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Cape Town: Hiking Table Mountain (Pt.1)

When visiting cities, we generally like to make our way on foot to the highest point and have a drink. Darn you, Cape Town. Darn you.

Looking out from the breakfast deck at Signal Hill Lodge, we liked to watch the cable car ferry people up to the top of Cape Town’s own Table Mountain, and then back down again. The 3,000 foot monstrosity is a bit hard to miss walking around — well, really anywhere in Cape Town. V&A Waterfront — oh, Table Mountain. Bo Kaap — I see you, Table Mountain! Long Street — Peak-a-boo! Camps Bay — I see your hiney, Table Mountain. Literally, you can’t loose sight of the thing.

Back in 2006, I had climbed the thing, and then to our utter dismay, were told that the cable car had been shut down due to high winds, forcing my entire climbing party of three (no sherpas…we were thathardcore) to descend the backside along the route known as Skeleton Gorge, which by all accounts was not advisable in mid-winter after the rains had caused all sorts of havoc. But we lived to tell the tale, though I vowed never, ever to ascend the mountain on a day where the cable car might not be running.

Over our five days in the city, we picked Thursday as the optimal climbing day. Sunshine and low winds were forecast. Perfect. Nothing would stop us. Mere mortals ascend in the cable car –or– take a taxi up to the Platteklip Gorge trailhead. But we wanted a challenge. Over breakfast, we decided we wanted to walk from the center of town up to the top of Table Mountain, decidedly much farther than the norm. Go big or go home, right? However, by mid-morning we would have to alter our plans a bit.

We had walked from our Lodge above Bo Kaap to our usual breakfast spot on Bree Street, Latitude 33, before walking down to Green Market to take care of some errands and ending up at Civic Center. At Civic Center, brand-new MyCity bus basses in hand, we hopped a bus to the Upper Orange bus stop at the foot of the mountain, but still an hour’s hike from the Platteklip Gorge trailhead. So, began our day’s Odyssey.

 

 

After an hour’s hike, we arrived at the main road, and a large shade tree perfect for a good sit ‘n’ sip.

 

After a short rest, we headed up the highway to our next waypoint: the Platteklip Gorge trailhead.

 

At which point, a friendly gentleman emerged from the woods in a bright yellow reflective vest to give us a quick rundown on the trail we were about to encounter and to point out important emergency phone numbers. Thank you, mystery mountain man. And with that, he disappeared back into the woods. It was time to mount up.

 

Somehow, I remember Platteklip Gorge being tiresome, but not remarkably difficult. Eight years older (and 20 degrees warmer) it was a whole other story. How spritely my steps were back in those days. How little water I needed in the dead of winter! I remember being exposed to the sun, but I didn’t remember needed, yearning for so much water. I didn’t remember every step being so relentlessly tiresome. By midway, I loathed my lot in life, to keep moving up, to keep moving my legs up and up and up — steps that surely were made for seven-foot tall climbers, as they must have each been a foot high. Hundreds of them…over and over.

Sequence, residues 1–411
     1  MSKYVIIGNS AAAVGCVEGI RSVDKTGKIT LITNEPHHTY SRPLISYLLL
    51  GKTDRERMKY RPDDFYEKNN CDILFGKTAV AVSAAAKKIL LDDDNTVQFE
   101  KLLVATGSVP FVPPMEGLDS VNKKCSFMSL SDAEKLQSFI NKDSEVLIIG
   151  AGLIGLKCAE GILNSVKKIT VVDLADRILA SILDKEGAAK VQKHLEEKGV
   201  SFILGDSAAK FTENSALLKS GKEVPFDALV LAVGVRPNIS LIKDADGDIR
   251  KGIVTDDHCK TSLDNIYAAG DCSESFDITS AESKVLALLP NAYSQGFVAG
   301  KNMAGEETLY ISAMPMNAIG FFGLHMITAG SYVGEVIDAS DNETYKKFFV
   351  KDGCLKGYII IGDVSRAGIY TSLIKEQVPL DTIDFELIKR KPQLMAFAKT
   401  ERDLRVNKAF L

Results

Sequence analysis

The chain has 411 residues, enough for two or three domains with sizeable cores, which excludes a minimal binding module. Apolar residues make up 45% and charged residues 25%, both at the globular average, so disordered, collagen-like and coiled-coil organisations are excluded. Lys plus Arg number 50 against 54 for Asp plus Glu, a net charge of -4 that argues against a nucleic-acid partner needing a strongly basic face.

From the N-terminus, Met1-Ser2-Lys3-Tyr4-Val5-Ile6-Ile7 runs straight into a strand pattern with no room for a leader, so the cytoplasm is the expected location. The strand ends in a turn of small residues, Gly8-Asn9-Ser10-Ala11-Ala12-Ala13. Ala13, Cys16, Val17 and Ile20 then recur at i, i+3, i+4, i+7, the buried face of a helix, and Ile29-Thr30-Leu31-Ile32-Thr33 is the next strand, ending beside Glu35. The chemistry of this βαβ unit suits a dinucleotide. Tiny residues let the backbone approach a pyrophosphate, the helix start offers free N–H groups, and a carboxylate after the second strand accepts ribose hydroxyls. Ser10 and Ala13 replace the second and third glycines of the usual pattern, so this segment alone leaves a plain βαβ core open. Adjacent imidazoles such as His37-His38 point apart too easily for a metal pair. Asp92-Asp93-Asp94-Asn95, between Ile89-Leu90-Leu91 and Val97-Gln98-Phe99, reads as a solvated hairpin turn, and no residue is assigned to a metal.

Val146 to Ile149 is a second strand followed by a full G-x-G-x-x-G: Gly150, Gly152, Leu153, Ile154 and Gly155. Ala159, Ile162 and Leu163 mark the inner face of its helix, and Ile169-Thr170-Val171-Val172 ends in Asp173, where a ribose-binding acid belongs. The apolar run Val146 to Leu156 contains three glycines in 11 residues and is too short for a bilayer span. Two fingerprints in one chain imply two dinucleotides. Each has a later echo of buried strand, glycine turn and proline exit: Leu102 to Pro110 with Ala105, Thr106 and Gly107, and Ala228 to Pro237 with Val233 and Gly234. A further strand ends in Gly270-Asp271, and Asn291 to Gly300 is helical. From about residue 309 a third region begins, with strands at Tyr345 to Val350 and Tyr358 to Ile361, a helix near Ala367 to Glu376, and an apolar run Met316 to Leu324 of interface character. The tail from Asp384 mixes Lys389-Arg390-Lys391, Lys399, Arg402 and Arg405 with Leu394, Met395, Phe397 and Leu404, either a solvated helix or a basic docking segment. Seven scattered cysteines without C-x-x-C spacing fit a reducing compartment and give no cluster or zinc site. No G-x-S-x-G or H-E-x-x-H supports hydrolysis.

But the views were just as I remember. Fantastic. Even in the morning haze.

Our gaze was fixed on one spot, high up on the mountain — the shaded spot — inching ever closer. Young, freakishly tall individuals, filled with ungodly amounts of energy, leaped by us, as lead filled my shoes.

Nevertheless, we eventually reached that beautiful, prized and precious shade. So close now. Yet so far.

 

Finally, after 90 minutes of plugging away, we made it to the top of the table, so-to-speak. But not the top-top. Unfortunately, we were set on summiting, which would add another 90 minutes to our time on the mountain, for which we really didn’t have the water. But forge ahead we must, and forge ahead we did.

 

 

 

 

After forty five minutes of plugging along the table top of Table Mountain, we arrived at the marker — Maclear’s Beacon, the highest point on Table Mountain. Great! Now, can we go get some water and some food?

Find Tours & Things To Do Around Cape Town

 

 

 

 

 

We made it back to the Cafe and had the cheese and cracker box with a bottle of South Africa’s answer to Gatorade. Also, a big bottle of water. Ahh… And now we’re ready to take in the view!

 

After our fabulously refreshing ourselves, we headed over to the ticket office to buy our Cable Car passes off the mountain. Lori wanted to wait, but I was a bit leery about holding off. There was no way I was going to climb back down that mountain. After my experience in 2006 and the very long day of walking and climbing, I would just assume be medivac’d off by helicopter than have to climb down.

We went to the gift shop to buy our cable car tickets, where about a half dozen workers in green were milling about, obviously bored out of their minds.

Me: Two Cable Car tickets, please!

Cashier: Um…sorry, but we’re all sold out for today.

Me: Haha, you’re kidding, right? RIGHT!!!?

Cashier: No, I’m terribly sorry! All sold out. You’re going to have to climb down.

NOOOOOOOOOOOOOOOOOO!

TO BE CONTINUED…. 

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Matt Davison
Matt Davison

Hey David,

What a great write up, that same thing happened to me and couple of friends coming down from the mountain. The cable cars decided to stop working. Needless to say, I wasn’t a fan of the hike down the mountain lol.

T.Ajir
T.Ajir

Thank you for letting me come along on your journey, fabulous !!